Although the term has been in use for many years it is now known that shortening works by inhibiting the formation of long protein (gluten) strands in wheat-based doughs. The similarity in terms is entirely coincidental since full understanding of the structure and chemistry of dough is comparatively recent.

History

Crisco, a popular brand in the USA, was first produced in 1911. In Ireland and the UK Cookeen is a popular brand. An industrial product, shortening has many advantages. While similar to butter or lard, it is cheaper to produce; originally, lard was far cheaper and edible oils came at a higher cost. Shortening also needs no refrigeration, which further lowers its costs and increases its convenience. As a substitute for butter, it can lengthen the shelf life of baked goods and other foods. With these advantages shortening gained popularity, as food production became increasingly industrialized and manufacturers sought low-cost raw materials. Vast surpluses of cottonseed oil, corn oil, and soy beans helped found a market in low-cost shortening.

Health concerns and reformulation

Available and used worldwide, vegetable shortening is believed to be damaging to human health since it generally contains trans fats in the form of partially hydrogenated vegetable oil. After the oils are hydrogenated they become solid at room temperature, but the type of trans fat generated in this process has adverse health effects. Usage of shortening lacking trans fats has grown, notably with the 2007 reformulation of Crisco such that it contains less than 1g of trans fat per 12g serving. Cookeen was also reformulated in autumn 2006 to remove trans fats[1]. Non-hydrogenated vegetable shortening can be made from palm oil.

Comparative properties of common cooking fats (per 100g)
Total Fat Saturated Fat Monounsaturated Fat Polyunsaturated Fat Protein
Butter 81g 51g 21g 3g 1g
Vegetable Shortening (hydrogenated) 71g 23g 8g 37g 0g
Olive Oil 100g 14g 73g 11g 0g
Lard 100g 39g 45g 11g 0g

To sum up: The new Crisco STILL has some transfat in it. Look other brands that are labeled NO TRANS FATS if you want to avoid that completely.

Update- so you’ll know the facts:

In April 2004, Smucker introduced “Crisco Zero Grams Trans Fat Per Serving All-Vegetable Shortening,” which contained fully hydrogenated palm oil blended with liquid vegetable oils to yield a shortening much like the original Crisco. As of January 24, 2007, all Crisco shortening products have been reformulated to contain less than one gram of trans fat per serving. The separately marketed trans-fat free version introduced in 2004 was discontinued.  Crisco now consists of a blend of soybean oil, fully hydrogenated cottonseed oil, and partially hydrogenated soybean and cottonseed oils. According to the product information label, one 12 g serving of Crisco contains 3 g of saturated fat, 0g of trans fat, 6 g of polyunsaturated fat, and 2.5 g of monounsaturated fat.  It is claimed that this reformulated Crisco has the same cooking properties and flavor as the original version of the product.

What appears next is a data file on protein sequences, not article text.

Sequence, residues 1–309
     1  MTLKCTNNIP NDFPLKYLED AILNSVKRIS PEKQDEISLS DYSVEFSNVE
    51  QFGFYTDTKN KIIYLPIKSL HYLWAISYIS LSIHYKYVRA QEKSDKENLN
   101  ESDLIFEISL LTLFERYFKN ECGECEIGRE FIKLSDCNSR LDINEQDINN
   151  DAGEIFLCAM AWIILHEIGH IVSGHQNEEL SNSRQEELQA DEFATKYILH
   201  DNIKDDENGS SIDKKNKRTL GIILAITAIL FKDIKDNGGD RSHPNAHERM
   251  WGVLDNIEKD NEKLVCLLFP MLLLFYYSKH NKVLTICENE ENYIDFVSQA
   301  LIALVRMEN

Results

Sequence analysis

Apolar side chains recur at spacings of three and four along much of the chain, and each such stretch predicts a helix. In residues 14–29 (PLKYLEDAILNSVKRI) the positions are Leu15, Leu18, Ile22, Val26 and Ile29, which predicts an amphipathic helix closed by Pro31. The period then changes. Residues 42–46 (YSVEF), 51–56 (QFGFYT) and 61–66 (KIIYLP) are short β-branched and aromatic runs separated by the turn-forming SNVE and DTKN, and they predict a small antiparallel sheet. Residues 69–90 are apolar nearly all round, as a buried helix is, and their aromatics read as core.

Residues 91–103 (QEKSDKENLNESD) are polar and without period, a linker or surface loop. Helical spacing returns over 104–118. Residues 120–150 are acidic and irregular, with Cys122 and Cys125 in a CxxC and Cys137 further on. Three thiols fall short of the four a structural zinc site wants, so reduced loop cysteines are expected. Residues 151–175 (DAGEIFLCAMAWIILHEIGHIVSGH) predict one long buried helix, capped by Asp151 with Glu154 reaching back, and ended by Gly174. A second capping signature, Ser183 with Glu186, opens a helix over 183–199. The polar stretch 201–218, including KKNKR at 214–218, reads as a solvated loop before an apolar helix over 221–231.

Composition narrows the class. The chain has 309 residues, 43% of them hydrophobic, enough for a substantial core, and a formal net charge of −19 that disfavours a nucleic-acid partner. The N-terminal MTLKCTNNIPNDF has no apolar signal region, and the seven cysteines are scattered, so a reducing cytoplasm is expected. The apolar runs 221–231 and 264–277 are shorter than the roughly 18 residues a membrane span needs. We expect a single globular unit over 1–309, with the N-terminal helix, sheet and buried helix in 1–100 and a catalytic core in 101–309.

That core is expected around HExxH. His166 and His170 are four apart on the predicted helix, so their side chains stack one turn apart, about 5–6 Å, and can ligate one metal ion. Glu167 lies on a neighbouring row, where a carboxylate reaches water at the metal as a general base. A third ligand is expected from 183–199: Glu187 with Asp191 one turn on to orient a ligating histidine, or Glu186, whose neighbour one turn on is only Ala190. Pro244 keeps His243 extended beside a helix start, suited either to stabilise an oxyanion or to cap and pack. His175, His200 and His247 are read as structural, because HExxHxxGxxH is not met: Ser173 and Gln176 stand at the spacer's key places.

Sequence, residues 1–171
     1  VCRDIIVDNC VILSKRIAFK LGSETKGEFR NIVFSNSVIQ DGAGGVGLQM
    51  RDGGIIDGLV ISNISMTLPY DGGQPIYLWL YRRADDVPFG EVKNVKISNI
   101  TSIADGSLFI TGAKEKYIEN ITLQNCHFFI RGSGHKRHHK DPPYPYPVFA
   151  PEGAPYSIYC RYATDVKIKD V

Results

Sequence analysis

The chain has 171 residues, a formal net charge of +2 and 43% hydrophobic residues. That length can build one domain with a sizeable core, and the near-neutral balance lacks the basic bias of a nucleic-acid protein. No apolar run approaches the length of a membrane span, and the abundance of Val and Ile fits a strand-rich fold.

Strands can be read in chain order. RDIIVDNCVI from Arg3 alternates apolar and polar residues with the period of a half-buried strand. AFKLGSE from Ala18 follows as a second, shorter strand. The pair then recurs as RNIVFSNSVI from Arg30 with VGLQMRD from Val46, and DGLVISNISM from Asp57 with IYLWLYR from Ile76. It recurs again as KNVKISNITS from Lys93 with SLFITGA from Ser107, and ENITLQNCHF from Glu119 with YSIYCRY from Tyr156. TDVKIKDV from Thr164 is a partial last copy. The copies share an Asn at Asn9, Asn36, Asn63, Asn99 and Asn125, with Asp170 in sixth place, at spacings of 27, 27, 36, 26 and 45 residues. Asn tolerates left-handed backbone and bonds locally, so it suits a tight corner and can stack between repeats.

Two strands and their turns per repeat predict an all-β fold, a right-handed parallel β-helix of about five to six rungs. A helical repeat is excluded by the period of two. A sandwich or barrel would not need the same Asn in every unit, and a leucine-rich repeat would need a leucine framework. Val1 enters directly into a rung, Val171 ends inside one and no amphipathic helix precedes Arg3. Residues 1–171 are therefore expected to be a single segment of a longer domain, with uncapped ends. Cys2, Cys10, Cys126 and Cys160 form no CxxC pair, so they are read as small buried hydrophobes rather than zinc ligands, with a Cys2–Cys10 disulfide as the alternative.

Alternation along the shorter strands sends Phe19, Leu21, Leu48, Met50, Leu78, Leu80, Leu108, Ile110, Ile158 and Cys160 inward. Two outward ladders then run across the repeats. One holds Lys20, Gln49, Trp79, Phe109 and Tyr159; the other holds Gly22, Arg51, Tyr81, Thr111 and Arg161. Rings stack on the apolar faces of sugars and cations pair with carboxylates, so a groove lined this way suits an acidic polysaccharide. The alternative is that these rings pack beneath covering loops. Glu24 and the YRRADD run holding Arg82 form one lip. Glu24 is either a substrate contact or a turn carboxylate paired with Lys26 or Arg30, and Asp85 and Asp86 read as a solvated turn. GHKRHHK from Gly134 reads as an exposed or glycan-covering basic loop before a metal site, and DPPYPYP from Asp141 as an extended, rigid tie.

According to the FDA website, “Food manufacturers are allowed to list amounts of trans fat with less than 0.5 gram (1/2 g)per serving as 0 (zero) on the Nutrition Facts panel.”

Controversy

Some nutritionists are already warning that Crisco’s formula change may be nutritionally irrelevant. They argue that fully hydrogenated oil may not be any healthier than trans-fat containing partially hydrogenated oil. Crisco and similar low trans-fat products are formed by the interesterification of a mixture of fully hydrogenated oils and partially hydrogenated oils. The result is “artificial” insofar as the composition of the resultant triglycerides is random, and may contain combinations of fatty acids not commonly found in nature. A recent study showed that interesterified fat increased volunteers’ blood sugar by 20 percent while simultaneously lowering the body’s “good” HDL cholesterol. The rise in blood sugar is problematic since it increases the chance of developing type 2 diabetes, already a growing problem in the US.

Since cotton crops are under far less chemical regulation that other other crops used specifically for food, many pesticides or chemicals can be used on cotton crops that are illegal for use on food crops, yet the cottonseed can find it’s way into the food chain because of this major legal loophole in the regulation of food and chemicals by the FDA. Some serious pesticides or chemicals could resist processing and find their way into the food chain because of this.

25. nonstick cooking spray